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Facebook Will Soon Add Original Shows to Its Platform Funding original shows on Facebook is a similar approach to how the company has paid celebrities and media outlets to broadcast live video.

By Alex Heath

This story originally appeared on Business Insider

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Facebook wants to bankroll its own original video shows, the company's global creative strategy chief, Ricky Van Veen, told Business Insider on Wednesday.

The videos Facebook wants to license will live in the new video tab of its mobile app and including "scripted, unscripted, and sports content," according to Van Veen.

Recode's Peter Kafka first reported the news.

Funding original shows on Facebook is a similar approach to how the company has paid celebrities and media outlets to broadcast live video. It's also similar to the strategy Snapchat has taken with its Discover section, which shows original content from media partners like BuzzFeed and Vice.

"Earlier this year, we started rolling out the Video tab, a dedicated place for video on Facebook," Van Veen said in a statement. "Our goal is to kickstart an ecosystem of partner content for the tab, so we're exploring funding some seed video content, including original and licensed scripted, unscripted and sports content, that takes advantage of mobile and the social interaction unique to Facebook. Our goal is to show people what is possible on the platform and learn as we continue to work with video partners around the world."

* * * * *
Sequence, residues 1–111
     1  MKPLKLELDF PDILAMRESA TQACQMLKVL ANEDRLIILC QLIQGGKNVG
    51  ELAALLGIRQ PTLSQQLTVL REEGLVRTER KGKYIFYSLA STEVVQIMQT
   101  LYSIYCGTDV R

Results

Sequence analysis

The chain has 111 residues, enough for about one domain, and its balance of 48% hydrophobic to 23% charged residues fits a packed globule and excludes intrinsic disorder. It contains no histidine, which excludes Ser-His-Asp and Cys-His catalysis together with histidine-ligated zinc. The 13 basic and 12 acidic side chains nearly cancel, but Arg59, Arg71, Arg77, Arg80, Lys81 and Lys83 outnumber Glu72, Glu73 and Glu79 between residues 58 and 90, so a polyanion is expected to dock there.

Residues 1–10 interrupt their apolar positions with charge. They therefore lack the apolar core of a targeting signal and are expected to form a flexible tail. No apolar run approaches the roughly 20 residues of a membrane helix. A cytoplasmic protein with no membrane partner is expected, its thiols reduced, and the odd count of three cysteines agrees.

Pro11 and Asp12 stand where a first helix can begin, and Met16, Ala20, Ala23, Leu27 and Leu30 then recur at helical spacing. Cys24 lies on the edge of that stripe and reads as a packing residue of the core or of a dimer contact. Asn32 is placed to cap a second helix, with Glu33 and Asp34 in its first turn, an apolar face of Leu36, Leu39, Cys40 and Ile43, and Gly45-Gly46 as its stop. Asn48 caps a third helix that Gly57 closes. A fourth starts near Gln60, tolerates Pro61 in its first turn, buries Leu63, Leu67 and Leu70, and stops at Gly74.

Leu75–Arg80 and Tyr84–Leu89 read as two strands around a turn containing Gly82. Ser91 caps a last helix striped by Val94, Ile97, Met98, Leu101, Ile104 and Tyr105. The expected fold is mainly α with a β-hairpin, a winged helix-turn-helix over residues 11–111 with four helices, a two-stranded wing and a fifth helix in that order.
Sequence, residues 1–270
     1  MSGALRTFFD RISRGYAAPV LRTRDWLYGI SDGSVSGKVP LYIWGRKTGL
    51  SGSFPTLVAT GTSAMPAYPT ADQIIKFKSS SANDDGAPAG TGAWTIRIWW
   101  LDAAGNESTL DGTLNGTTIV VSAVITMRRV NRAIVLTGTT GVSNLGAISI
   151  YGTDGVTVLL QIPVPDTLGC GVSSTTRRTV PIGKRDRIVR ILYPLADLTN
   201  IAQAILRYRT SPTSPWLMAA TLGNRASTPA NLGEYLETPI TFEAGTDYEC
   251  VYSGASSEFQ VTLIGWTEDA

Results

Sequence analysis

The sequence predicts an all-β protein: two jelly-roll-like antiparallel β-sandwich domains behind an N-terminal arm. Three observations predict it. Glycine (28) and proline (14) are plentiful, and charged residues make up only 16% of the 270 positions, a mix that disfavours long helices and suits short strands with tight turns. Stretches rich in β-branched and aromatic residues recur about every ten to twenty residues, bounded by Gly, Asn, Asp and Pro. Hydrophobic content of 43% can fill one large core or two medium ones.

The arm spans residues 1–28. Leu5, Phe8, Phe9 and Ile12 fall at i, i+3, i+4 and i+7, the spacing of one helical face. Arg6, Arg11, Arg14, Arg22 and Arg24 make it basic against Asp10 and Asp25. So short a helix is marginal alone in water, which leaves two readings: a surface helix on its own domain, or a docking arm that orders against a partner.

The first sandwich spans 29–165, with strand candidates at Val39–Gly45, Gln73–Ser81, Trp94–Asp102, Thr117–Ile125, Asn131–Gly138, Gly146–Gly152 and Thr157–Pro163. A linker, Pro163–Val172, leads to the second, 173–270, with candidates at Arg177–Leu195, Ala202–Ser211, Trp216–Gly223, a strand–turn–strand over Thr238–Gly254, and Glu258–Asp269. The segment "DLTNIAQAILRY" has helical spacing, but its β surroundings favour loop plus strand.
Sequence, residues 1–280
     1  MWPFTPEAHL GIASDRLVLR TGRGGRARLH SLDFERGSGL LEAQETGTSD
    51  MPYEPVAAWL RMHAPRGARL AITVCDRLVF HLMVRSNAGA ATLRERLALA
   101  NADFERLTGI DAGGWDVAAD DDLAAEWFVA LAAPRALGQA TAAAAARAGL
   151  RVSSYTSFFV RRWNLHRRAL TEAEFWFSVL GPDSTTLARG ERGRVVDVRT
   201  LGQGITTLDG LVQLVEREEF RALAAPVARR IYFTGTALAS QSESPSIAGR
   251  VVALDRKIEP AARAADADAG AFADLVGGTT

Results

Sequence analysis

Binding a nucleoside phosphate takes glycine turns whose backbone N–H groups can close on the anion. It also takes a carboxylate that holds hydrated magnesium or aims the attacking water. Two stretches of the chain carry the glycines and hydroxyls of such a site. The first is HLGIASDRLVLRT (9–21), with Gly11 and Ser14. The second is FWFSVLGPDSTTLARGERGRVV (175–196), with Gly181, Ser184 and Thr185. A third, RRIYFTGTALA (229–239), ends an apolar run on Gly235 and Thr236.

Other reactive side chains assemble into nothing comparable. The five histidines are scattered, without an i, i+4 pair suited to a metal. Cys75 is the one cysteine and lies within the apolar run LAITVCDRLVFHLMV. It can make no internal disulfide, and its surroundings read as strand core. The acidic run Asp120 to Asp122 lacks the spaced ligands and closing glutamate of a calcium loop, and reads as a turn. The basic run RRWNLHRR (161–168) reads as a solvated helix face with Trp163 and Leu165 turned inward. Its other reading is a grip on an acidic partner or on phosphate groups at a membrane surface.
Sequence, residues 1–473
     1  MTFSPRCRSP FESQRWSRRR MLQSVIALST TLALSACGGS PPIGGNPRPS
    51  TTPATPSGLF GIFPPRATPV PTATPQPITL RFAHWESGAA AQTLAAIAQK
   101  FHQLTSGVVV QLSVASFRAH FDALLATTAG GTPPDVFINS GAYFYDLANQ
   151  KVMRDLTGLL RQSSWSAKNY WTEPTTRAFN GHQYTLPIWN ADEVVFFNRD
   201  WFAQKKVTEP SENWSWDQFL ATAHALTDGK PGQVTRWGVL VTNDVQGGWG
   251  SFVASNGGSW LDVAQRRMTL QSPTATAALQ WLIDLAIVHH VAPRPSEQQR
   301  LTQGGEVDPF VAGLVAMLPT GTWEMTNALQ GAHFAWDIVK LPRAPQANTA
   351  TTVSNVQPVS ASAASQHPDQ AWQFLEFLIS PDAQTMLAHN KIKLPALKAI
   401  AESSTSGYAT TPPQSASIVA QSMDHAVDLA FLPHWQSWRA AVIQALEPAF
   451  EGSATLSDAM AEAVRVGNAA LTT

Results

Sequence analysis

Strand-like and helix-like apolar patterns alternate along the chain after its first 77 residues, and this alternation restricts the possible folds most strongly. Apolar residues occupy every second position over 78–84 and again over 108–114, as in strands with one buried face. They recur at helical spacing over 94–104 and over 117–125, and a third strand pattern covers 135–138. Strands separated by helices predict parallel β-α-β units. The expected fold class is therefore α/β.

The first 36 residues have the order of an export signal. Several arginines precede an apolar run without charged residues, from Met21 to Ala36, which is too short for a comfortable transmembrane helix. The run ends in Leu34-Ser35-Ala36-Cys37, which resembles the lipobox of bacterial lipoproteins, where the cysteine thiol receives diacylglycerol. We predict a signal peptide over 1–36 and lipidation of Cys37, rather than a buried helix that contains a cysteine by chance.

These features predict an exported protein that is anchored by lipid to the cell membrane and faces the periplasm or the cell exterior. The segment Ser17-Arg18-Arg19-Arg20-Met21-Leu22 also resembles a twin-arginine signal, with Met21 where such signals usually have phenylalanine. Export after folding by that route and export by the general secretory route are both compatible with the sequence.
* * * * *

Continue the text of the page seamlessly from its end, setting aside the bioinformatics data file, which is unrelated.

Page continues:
Van Veen joined Facebook earlier this year from CollegeHumor, which he cofounded.

Paying for videos isn't the only way Facebook is trying to get more original content in peoples' feeds. Business Insider recently reported that Facebook is working on a new feature called Collections that will showcase lists of exclusive content from favored publishers directly in the News Feed.

Alex Heath

Tech Reporter for Business Insider

Alex Heath is a tech reporter for Business Insider in New York City. He covers social media companies such as Facebook, Snapchat and Twitter. He also writes about the hottest apps and startups.

Before joining Business Insider in 2015, he closely covered Apple for the website Cult of Mac. He has been a guest on shows like Good Morning America, BBC World News, Marketplace Tech and This Week in Tech.

He prefers getting tips and pitches via email or Twitter DM.

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